The Validity of Polls

Consumer Reports made some small waves today by releasing its own survey concerning prescription medications and the influence the pharmaceutical industry has over physicians.  According to Consumer Reports, a whopping 69 percent of the American public believes “drugmakers have too much influence on doctors’ decisions about which drug to prescribe.”  (quoting from Consumer Reports health blog). 

This assertion raises a plethora of questions about the Consumer Reports poll itself and how this particular survey question was asked.  This isn’t really an “opinion” type of question along the lines of “which candidate do you think has better positions on the economy” or “which soft drink has better flavor?”  For the consumers being asked this question, either their physicians are being influenced by pharmaceutical companies or they’re not.

So we know what Consumer Reports said about the opinion of those they surveyed.  But here’s what we don’t know:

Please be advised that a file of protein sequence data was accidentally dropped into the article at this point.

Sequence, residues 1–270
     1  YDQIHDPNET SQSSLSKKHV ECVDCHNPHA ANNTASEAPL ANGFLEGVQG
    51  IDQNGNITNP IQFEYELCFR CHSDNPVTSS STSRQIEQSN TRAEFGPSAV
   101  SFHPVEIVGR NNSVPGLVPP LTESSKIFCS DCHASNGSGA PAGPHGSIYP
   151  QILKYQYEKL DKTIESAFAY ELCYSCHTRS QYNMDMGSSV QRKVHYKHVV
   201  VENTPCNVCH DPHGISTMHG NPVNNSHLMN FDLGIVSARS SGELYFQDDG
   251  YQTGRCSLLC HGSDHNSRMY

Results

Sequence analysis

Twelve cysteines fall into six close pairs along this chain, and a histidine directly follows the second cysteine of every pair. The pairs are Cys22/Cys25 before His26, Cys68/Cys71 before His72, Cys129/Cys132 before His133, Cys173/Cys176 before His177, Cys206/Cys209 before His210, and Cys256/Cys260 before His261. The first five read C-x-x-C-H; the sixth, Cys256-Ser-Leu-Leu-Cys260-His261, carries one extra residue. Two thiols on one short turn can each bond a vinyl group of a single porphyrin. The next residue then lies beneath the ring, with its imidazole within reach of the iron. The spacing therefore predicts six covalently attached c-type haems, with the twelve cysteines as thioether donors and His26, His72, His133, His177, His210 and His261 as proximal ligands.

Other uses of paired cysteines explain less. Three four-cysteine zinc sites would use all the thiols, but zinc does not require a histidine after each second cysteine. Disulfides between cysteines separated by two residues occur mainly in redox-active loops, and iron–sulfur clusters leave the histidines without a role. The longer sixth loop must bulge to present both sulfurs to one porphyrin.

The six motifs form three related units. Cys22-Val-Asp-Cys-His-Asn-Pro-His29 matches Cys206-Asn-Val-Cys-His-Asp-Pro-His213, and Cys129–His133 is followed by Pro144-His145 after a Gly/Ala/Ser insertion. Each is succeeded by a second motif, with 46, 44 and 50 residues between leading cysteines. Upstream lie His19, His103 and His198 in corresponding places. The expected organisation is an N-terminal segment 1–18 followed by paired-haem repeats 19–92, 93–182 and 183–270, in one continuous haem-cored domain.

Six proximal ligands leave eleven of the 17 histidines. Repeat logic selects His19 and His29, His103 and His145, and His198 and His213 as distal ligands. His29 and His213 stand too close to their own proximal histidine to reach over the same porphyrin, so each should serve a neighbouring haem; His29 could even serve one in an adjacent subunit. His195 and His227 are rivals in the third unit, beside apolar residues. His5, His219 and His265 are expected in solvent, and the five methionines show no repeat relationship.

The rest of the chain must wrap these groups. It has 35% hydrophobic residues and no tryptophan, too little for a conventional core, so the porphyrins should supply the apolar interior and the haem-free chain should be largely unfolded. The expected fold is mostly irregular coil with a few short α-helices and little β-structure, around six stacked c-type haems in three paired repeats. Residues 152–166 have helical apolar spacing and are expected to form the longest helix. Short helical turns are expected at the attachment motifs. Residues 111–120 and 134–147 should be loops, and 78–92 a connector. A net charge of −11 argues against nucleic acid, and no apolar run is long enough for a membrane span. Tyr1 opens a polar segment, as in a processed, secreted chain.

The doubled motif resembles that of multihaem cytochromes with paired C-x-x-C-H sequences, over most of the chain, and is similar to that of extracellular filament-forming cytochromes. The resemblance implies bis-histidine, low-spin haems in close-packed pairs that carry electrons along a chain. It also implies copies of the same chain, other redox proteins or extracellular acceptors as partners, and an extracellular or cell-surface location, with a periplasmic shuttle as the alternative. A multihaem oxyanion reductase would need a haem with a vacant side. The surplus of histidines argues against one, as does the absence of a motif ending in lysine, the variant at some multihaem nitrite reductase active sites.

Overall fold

·         How the question was phrased.

·         Whether consumers were asked if they had any firsthand knowledge of their physician being influenced to prescribe a certain medication.

·         Whether consumers were asked if they ever discussed this issue with their physician.

·         Whether consumers are aware of the pharmaceutical industry’s and medical profession’s own ethical guidelines on the topic of gifts to physicians.

Organizations have carte blanche to report whatever they want when they discuss the results of their self-created surveys.  Let’s hope, though, that journalists, bloggers and others who report on polls like this one dig a little deeper to find out if there’s actual substantive meaning behind the numbers.